An agreement in principle was signed by Prime Minister Stephen Harper and European Commission President José Manuel Barroso on 18 October 2013. The negotiations were concluded on 1 August 2014. The trade agreement was officially presented on 25 September 2014 by Canadian Prime Minister Stephen Harper and European Commission President Jose Manuel Barroso during an EU - Canada Summit at the Royal York Hotel in downtown Toronto. The Canada Europe Roundtable for Business (www.canada-Europe.org) has served as the parallel business process from the launch to the conclusion of the CETA negotiations.
After it had been leaked by German public television on 14 August, the 1634 pages long Consolidated CETA text was published on the EU's official website on 26 September 2014.
Completion, translation of the final text into 24 EU languages, and ratification is expected to take two years since the passage of the deal may require not just the approval of the European Parliament and the European Council but the individual 28 EU member states as well.
|This section needs expansion. You can help by adding to it. (October 2016)|
Research commissioned by negotiating parties
|Parts of this article (those related to documentation) need to be updated. (February 2016)|
The EU-Canada Trade Sustainability Impact Assessment (SIA), a three-part study commissioned by the European Commission to independent experts and completed in September 2011, provides a comprehensive prediction on the impacts of CETA. It predicts a number of macro-economic and sector-specific impacts, suggesting the EU may see increases in real GDP of 0.02–0.03% in the long-term from CETA, whereas Canada may see increases of 0.18–0.36%; the Investment section of the report suggests these numbers could be higher when factoring in investment increases. At the sectoral level, the study predicts the greatest gains in output and trade to be stimulated by services liberalization and by the removal of tariffs applied on sensitive agricultural products; it also suggests CETA could have a positive social impact if it includes provisions on the ILO's Core Labour Standards and Decent Work Agenda. The study details a variety of impacts in various "cross-cutting" components of CETA: it advocates against controversial NAFTA-style ISDS provisions; predicts potentially imbalanced benefits from a government procurement (GP) chapter; assumes CETA will lead to an upward harmonization in IPR regulations, particularly changing Canadian IPR laws; and predicts impacts in terms of competition policy and several other areas.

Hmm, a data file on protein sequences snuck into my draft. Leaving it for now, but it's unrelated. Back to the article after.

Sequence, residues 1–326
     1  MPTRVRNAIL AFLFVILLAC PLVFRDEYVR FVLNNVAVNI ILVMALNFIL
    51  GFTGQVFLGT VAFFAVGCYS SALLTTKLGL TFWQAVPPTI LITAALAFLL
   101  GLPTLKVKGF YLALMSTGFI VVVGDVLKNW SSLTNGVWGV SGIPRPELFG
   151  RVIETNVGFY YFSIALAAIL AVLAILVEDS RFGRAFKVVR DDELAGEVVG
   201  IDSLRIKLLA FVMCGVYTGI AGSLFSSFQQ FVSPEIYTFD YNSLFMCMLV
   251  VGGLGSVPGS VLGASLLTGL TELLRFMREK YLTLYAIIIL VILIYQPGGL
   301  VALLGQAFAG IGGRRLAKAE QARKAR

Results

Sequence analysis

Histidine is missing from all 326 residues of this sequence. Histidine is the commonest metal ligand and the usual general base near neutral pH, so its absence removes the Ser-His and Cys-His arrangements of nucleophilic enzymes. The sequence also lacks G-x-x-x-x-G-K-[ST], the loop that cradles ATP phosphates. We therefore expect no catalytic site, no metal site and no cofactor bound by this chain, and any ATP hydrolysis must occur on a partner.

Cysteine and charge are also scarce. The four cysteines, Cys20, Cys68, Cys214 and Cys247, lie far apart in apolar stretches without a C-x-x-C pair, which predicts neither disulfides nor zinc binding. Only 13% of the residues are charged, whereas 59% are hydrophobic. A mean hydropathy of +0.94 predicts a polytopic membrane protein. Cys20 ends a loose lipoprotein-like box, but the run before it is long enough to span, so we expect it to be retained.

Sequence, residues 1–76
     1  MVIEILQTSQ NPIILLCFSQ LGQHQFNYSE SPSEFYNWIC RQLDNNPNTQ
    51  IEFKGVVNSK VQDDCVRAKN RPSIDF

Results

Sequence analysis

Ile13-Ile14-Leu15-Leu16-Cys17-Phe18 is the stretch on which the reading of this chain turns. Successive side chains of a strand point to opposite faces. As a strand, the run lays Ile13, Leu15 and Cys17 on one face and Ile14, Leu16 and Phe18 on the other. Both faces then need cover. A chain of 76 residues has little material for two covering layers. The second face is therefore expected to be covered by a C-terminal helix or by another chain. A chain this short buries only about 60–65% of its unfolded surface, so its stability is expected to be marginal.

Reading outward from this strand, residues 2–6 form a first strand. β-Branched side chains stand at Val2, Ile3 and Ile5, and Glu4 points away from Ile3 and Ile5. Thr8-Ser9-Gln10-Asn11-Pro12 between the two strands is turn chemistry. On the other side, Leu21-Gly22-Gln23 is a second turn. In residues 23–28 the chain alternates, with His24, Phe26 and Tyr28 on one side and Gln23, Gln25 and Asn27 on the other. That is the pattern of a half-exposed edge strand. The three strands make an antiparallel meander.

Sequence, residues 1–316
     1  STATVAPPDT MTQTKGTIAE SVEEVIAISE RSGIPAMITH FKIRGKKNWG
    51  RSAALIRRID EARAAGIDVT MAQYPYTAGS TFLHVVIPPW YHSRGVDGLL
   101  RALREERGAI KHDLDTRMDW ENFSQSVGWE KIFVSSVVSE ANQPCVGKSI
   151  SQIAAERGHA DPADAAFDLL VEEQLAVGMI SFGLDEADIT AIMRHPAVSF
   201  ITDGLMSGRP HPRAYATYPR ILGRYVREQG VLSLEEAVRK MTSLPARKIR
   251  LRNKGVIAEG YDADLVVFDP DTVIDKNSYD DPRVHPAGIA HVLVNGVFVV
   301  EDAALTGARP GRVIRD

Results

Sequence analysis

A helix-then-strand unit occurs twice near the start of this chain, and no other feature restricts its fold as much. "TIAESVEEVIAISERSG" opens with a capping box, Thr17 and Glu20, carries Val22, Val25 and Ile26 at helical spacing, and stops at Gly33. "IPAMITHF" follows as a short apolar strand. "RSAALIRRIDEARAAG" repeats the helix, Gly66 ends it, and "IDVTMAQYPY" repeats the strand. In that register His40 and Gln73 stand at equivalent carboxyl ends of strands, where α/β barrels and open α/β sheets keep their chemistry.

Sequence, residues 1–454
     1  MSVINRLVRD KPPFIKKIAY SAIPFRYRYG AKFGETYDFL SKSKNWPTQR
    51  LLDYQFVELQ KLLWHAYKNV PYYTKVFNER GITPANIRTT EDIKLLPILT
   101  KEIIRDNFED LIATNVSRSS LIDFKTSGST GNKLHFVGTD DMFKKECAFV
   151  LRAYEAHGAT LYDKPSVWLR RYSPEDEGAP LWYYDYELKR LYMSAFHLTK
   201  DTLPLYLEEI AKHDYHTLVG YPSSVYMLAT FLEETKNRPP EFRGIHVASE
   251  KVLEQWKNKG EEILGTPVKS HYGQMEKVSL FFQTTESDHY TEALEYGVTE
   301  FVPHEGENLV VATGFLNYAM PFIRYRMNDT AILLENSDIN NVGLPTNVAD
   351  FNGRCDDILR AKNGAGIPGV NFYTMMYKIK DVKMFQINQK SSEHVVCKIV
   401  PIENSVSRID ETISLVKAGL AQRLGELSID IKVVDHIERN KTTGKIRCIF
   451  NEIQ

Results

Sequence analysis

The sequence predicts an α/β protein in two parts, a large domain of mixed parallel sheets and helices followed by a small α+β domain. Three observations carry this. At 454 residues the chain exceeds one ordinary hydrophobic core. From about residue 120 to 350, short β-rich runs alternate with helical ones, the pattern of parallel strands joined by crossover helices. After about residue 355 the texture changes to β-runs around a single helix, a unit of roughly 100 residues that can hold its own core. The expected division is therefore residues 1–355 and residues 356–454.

Economic ties between the EU and Canada
Canada and the EU have a long history of economic co-operation. Comprising 28 Member States with a total population of over 500 million and a GDP of €13.0 trillion in 2012, the European Union (EU) is the world's largest single market, foreign investor and trader. As an integrated bloc, the EU represents Canada's second largest trading partner in goods and services. In 2008, Canadian goods and services exports to the EU totalled C$52.2 billion, an increase of 3.9% from 2007, and imports from the EU amounted to $62.4 billion.